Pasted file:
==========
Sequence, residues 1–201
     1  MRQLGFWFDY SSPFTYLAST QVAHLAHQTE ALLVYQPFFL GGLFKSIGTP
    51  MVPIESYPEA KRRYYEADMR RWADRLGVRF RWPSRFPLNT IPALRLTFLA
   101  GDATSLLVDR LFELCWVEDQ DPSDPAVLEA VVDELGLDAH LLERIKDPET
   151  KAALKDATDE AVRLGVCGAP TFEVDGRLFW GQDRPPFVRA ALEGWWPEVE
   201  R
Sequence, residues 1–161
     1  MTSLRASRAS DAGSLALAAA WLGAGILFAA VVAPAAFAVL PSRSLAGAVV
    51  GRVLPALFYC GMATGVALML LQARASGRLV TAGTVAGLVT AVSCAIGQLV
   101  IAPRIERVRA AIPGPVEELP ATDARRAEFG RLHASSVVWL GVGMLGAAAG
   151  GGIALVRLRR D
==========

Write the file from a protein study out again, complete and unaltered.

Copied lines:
Sequence, residues 1–201
     1  MRQLGFWFDY SSPFTYLAST QVAHLAHQTE ALLVYQPFFL GGLFKSIGTP
    51  MVPIESYPEA KRRYYEADMR RWADRLGVRF RWPSRFPLNT IPALRLTFLA
   101  GDATSLLVDR LFELCWVEDQ DPSDPAVLEA VVDELGLDAH LLERIKDPET
   151  KAALKDATDE AVRLGVCGAP TFEVDGRLFW GQDRPPFVRA ALEGWWPEVE
   201  R
Sequence, residues 1–161
     1  MTSLRASRAS DAGSLALAAA WLGAGILFAA VVAPAAFAVL PSRSLAGAVV
    51  GRVLPALFYC GMATGVALML LQARASGRLV TAGTVAGLVT AVSCAIGQLV
   101  IAPRIERVRA AIPGPVEELP ATDARRAEFG RLHASSVVWL GVGMLGAAAG
   151  GGIALVRLRR D